• EVERY day go outside for a 15 minute walk – even with your daughter


5) Ideas To Blossom

You aren’t ready to ‘find something to do’ yet.  So let’s get realistic and let’s get you researching ideas as your confidence improves.

  • Get yourself a notebook and write in it every idea you’ve ever had on what you could do.  DO NOT discount any ideas, even if you think you are unqualified now or you think they are pipe dreams.  Then keep adding ideas.
  • For each idea write the Pro’s and Con’s down.  There should be the SAME number of Pro’s as Con’s.  If not, you need to think a bit more about that idea to find more.
  • Also write what qualifications, skills or experience you have that might help and the additional training or experience needed that you don’t have.
  • Get into the habit of counting 3 blessings every night, even on a bad day there might have been a lovely rainbow, or good cup of coffee or hug from your daughter.  You can write them down if you like.
  • Get some of the rubbish out of your head and onto paper 1-5 times per week by writing all your worries and stresses down.  3 pages minimum.  Do it at least once per week.
  • I’m really not keen on you doing the ‘admin’ for your company, considering you started it initially and a virtual assistant is £20ph.  I see the logic in your doing it, but I don’t think that it’s good for your psychology.  We’ll chat more about this next time!



Come back and let me know how you are doing regularly (you can comment on this blog anonymously).  Once you are feeling stronger in yourself, we are going to look at subtly shifting the power in your relationship with a clever trick that I know and getting you more sparkly.  Then we can look at your relationship itself – I have a few blog posts scheduled that you are going to like, so make sure that you have subscribed to my blog by email as well!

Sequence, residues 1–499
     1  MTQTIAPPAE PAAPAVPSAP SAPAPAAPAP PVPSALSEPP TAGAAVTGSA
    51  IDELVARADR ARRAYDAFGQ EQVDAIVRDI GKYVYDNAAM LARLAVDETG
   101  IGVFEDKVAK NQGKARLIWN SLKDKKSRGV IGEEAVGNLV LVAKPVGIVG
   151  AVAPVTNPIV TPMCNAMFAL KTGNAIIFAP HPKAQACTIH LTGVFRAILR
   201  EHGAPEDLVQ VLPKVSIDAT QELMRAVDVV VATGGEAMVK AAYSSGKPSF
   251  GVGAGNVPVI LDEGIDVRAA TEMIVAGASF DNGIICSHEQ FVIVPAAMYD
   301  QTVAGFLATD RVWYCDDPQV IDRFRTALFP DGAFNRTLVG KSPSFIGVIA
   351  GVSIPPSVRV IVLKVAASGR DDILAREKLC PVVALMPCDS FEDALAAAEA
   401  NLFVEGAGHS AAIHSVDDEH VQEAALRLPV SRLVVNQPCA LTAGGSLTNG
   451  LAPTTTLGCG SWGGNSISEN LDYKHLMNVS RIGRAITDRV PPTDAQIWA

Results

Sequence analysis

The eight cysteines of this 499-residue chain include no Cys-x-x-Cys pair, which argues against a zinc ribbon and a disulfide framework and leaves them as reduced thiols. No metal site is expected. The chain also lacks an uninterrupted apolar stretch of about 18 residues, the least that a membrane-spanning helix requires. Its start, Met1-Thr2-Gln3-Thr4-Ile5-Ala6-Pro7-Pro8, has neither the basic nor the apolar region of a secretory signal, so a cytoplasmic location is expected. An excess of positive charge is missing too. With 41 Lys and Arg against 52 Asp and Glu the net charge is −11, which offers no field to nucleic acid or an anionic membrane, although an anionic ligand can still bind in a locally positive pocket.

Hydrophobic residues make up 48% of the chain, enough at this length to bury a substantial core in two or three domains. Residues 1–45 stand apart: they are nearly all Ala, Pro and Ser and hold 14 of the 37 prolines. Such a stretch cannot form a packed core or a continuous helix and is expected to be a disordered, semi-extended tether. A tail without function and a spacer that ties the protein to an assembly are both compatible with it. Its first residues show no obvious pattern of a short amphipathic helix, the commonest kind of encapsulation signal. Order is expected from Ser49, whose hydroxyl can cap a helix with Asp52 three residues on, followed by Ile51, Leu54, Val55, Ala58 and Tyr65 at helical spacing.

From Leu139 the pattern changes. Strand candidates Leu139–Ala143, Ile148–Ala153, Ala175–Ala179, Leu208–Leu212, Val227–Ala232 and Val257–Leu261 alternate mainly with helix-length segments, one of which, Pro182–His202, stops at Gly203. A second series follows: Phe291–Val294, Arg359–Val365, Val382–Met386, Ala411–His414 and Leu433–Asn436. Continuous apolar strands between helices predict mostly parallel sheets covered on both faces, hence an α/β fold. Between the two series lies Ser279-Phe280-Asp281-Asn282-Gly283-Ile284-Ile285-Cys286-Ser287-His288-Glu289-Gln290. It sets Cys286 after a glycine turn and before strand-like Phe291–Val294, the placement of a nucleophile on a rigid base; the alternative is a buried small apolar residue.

You might want in a week or two to buy my book ‘Six Steps To A Sparkling You And Enjoying Being A Mum‘.  I’m in the middle of writing version 2 (with just a few minor changes and tweaks) which will also be out in paperback.  Once that comes out I’m raising the price from 89p!  (Remember you can read a kindle book without a kindle).

What do you think?

I’d love to know what you think, whether you are the originator of the question or not?

Have you felt like this too?  Can you let her know that it’s normal and only temporary, especially if she starts to take care of herself more as I suggested?

Or do you disagree and think she should go straight for sorting out her work and relationship?

Got a problem of your own?  Submit it to my problem corner.

cinderella complex

#DoSomethingYummy: A Warning From My Childhood: The Cinderella Complex

cinderella complexThis post is being written as part of the blog prompt for #DoSomethingYummy  from Typecast which is the campaign for CLIC Sargent Charity for children with cancer.  I’ve picked the prompt ‘What kind of family did you grow up in? ‘

I did some research into CLIC and found this info on their site ….. As the UK’s leading children’s cancer charity, CLIC Sargent is the only organisation to offer them all round care and support. That’s because we’re there every step of the way:  During treatment – providing specialist nurses, play specialists, Homes from Home  In hospital & at home – offering specialist social care and support in the community – services for young people, holidays, grants  After treatment – helping survivors, supporting those bereaved


I have what I call a ‘juicy’ family history.  Ironically, it’s not some of the more difficult or shocking things that happened in my past that causes me trouble sometimes; I’ve been there, dealt with most of them and forgotten more than I can remember.  No, at the moment I’ve realised that I’m still haunted by the ‘Cinderella complex’.  I was reminded of it when I read Claire Macnaughton’s post.